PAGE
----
The order that the writ issue was right. Carpenter v. Registrars of Voters of Marlborough, 327 Mass. 183, 187-189. It is true that in the Carpenter case the registrars had rejected signatures not conforming precisely to the voting lists, so that the issue was whether by mandamus they could be required to accept them. But the ground and language of the decision are broader than that and conclude the issue. We noted (p. 186) that the corresponding provisions of the statutes relating to State wide referendum petitions (G. L. c. 53, Section 7, and Section 22A) which specify "his name as registered" were inapplicable, but observed that to hold "that as a matter of strict statutory construction the referendum provisions under G. L. (Ter. Ed.) c. 43 do not require that the signatures on the petitions conform to the names on the voting lists . . . would leave certain anomalies in the overall picture relating to referendum

Page 623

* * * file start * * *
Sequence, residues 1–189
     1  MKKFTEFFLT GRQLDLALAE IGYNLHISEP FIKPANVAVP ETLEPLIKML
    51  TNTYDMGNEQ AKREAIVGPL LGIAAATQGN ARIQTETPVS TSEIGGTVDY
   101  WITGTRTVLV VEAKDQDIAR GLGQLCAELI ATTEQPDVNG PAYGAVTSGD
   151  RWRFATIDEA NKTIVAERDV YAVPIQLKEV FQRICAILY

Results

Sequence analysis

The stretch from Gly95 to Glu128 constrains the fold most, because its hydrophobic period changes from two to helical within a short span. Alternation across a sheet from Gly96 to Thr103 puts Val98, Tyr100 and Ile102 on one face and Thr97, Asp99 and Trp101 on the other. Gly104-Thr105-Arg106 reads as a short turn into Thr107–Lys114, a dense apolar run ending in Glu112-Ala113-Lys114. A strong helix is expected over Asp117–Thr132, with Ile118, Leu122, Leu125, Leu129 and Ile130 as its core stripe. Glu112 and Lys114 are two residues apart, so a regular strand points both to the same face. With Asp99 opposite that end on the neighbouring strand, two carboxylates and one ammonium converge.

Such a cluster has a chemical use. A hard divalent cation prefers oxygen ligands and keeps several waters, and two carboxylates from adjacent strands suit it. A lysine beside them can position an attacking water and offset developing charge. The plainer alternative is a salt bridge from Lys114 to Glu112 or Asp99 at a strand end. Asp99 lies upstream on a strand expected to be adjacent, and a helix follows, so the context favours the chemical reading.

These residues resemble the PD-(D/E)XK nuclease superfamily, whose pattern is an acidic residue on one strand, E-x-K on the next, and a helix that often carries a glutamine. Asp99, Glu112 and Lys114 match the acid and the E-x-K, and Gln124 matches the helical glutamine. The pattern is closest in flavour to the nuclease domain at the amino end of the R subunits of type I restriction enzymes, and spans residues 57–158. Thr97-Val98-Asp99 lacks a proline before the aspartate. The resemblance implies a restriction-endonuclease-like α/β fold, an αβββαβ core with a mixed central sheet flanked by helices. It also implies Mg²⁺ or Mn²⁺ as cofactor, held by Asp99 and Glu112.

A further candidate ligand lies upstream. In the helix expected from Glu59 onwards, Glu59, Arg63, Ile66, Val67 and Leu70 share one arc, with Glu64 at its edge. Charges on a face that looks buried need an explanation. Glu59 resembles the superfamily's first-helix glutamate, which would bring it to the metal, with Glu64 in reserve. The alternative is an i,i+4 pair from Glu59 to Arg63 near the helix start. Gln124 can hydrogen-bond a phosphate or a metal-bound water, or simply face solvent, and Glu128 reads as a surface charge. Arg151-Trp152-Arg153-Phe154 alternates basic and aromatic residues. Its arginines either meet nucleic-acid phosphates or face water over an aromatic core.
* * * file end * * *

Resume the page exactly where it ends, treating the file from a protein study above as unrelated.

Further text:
petitions. . . . [References to G. L. cc. 43 and 43A.] Also, as applied to Marlborough, it would mean that the duties of the registrars would be different, depending on whether they were examining a municipal or State wide referendum petition. As a practical matter it would seem that their duties in either case should be the same and that they may properly refuse to certify a signature unless it conforms to a name on the voting list. To hold otherwise would require the registrars to make a burdensome investigation on a case like the present and in view of the shortness of time (five days) this would often not be possible. The construction now placed on Sections 38 and 42 [of c. 43] [Note p623-1] tends to bring these sections into harmony with cognate provisions, insures uniformity on a procedure where uniformity is desirable, and renders the statute more effective in accomplishing the legislative purposes. It follows that the registrars properly refused to certify all those signatures where a name was abbreviated, where a middle name was given in full and only an initial appeared on the voting list, and where `Jr.' was omitted or included. Putnam v. Bessom, 291 Mass. 217, 219."